Saturday, November 06, 2021

What about those B cells and T cells?

All this talk about waning immunity from COVID-19 and the need for booster shots seems to me to be ignoring one important element. 

The talk is that the number of antibodies in vaccinated people is dropping drastically 6 or 7 months after vaccination. But, wait, isn't that exactly what we would expect? Isn't that what happens with pretty much all vaccinations? Well, yes, it is. But short-term antibodies are just one plank of the body's defences against infections.

While the effectiveness of neutralizing antibodies is starting to wane, the second line of defence - longer-term memory B cells and T cells - continues to be effective and even to strengthen. Memory B cells can rapidly deploy more antibodies in case of later exposure to the virus, and even to variants. T cells, on the other hand, can attack already-infected cells. This, not antibodies, is what will protect us against the coronavirus in the longer term.

All the indications are that the cellular immunity from the COVID-19 vaccines is pretty stable and robust at least six months after vaccination, and should provide good long-term protection against the virus and its variants, whatever the level of antibodies. Furthermore, a third booster dose of the vaccines may top up antibody levels temporarily (which may be useful during a resurgence in cases), but it will do little to increase our longer term B and T cell protection.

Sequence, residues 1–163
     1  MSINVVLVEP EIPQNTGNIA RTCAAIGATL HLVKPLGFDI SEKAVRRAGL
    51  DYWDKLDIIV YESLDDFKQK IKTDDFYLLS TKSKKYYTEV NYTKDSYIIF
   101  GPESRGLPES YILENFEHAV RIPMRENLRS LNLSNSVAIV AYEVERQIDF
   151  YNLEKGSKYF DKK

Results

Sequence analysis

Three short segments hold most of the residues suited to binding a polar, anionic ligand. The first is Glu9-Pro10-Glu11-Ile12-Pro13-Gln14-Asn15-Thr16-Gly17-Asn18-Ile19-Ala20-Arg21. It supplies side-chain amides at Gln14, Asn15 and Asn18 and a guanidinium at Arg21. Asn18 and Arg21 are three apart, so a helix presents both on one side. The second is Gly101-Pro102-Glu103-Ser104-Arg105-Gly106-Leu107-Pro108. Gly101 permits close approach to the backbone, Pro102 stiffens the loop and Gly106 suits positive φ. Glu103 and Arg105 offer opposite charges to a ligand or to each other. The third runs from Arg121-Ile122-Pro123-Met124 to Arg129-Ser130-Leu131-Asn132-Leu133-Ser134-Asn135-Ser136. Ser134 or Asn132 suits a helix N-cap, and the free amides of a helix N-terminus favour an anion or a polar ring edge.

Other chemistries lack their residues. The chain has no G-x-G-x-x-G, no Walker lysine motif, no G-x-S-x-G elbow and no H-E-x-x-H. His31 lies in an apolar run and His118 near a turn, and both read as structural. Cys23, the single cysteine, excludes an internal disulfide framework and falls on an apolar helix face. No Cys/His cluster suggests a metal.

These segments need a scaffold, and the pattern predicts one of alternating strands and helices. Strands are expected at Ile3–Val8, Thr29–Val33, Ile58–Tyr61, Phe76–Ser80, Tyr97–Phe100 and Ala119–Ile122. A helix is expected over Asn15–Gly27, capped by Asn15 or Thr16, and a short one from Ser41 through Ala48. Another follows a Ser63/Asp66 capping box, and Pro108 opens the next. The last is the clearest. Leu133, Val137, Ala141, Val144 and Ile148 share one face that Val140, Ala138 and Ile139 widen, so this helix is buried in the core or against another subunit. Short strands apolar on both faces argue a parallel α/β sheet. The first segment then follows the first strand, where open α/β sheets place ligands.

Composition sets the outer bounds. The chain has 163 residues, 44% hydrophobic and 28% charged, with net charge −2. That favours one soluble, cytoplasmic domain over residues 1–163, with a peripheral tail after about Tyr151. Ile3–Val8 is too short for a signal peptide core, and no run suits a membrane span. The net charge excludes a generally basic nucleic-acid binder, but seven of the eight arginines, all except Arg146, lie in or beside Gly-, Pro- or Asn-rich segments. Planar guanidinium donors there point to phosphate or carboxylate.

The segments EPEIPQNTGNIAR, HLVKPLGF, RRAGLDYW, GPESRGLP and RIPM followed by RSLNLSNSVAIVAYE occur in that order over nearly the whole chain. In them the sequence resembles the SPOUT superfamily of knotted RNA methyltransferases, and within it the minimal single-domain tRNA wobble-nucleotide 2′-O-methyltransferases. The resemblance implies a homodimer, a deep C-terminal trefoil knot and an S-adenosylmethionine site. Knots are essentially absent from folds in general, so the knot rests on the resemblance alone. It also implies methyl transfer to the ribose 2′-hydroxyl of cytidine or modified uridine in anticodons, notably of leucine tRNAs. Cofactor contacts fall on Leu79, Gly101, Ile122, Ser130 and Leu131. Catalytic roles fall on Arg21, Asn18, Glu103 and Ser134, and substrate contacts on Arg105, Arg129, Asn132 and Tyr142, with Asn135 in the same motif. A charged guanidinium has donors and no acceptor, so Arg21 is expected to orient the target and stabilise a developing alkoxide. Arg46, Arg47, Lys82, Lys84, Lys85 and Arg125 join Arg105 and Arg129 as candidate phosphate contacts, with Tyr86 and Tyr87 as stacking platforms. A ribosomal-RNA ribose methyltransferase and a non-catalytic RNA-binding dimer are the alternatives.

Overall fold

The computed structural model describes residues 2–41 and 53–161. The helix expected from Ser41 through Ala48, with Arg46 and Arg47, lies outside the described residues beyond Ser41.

So, in that case, why are we seeing a rebound in cases in Europe, Asia and America? Well, that's partly because not everyone is vaccinated, partly because no vaccine us 100% effective, and partly because many countries have let their guards down in terms of masking, distancing, congregating, etc. As the experts have been telling us all along, the vaccines are a great boon but they are not a silver bullet, and other public health measures continue to be equally important (are you listening Alberta, UK, etc, etc?).

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